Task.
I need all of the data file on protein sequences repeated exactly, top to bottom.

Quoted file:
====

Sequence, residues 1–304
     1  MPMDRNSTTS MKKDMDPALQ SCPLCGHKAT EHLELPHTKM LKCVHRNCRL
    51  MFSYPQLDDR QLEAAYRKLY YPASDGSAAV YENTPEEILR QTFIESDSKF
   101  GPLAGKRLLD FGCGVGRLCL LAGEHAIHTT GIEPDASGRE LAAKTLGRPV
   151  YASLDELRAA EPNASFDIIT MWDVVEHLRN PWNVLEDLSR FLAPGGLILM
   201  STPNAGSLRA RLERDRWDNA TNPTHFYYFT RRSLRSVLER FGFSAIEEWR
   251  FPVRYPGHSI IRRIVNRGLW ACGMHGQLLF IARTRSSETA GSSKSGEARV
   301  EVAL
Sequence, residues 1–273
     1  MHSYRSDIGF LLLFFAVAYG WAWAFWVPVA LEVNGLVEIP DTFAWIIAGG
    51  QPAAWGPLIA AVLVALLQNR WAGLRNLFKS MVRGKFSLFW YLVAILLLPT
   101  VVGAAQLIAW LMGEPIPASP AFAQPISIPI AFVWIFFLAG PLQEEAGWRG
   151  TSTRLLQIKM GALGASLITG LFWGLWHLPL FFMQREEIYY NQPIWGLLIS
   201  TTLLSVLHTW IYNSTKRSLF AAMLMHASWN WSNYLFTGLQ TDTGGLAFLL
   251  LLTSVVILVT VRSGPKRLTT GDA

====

Sequence, residues 1–304
     1  MPMDRNSTTS MKKDMDPALQ SCPLCGHKAT EHLELPHTKM LKCVHRNCRL
    51  MFSYPQLDDR QLEAAYRKLY YPASDGSAAV YENTPEEILR QTFIESDSKF
   101  GPLAGKRLLD FGCGVGRLCL LAGEHAIHTT GIEPDASGRE LAAKTLGRPV
   151  YASLDELRAA EPNASFDIIT MWDVVEHLRN PWNVLEDLSR FLAPGGLILM
   201  STPNAGSLRA RLERDRWDNA TNPTHFYYFT RRSLRSVLER FGFSAIEEWR
   251  FPVRYPGHSI IRRIVNRGLW ACGMHGQLLF IARTRSSETA GSSKSGEARV
   301  EVAL
Sequence, residues 1–273
     1  MHSYRSDIGF LLLFFAVAYG WAWAFWVPVA LEVNGLVEIP DTFAWIIAGG
    51  QPAAWGPLIA AVLVALLQNR WAGLRNLFKS MVRGKFSLFW YLVAILLLPT
   101  VVGAAQLIAW LMGEPIPASP AFAQPISIPI AFVWIFFLAG PLQEEAGWRG
   151  TSTRLLQIKM GALGASLITG LFWGLWHLPL FFMQREEIYY NQPIWGLLIS
   201  TTLLSVLHTW IYNSTKRSLF AAMLMHASWN WSNYLFTGLQ TDTGGLAFLL
   251  LLTSVVILVT VRSGPKRLTT GDA